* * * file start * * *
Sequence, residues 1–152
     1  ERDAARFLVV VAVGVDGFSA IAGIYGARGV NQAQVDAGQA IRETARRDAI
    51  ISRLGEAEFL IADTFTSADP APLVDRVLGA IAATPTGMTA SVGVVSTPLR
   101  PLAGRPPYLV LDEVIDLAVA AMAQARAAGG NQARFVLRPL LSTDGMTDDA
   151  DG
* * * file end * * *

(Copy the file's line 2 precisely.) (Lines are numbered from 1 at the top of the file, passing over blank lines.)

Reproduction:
     1  ERDAARFLVV VAVGVDGFSA IAGIYGARGV NQAQVDAGQA IRETARRDAI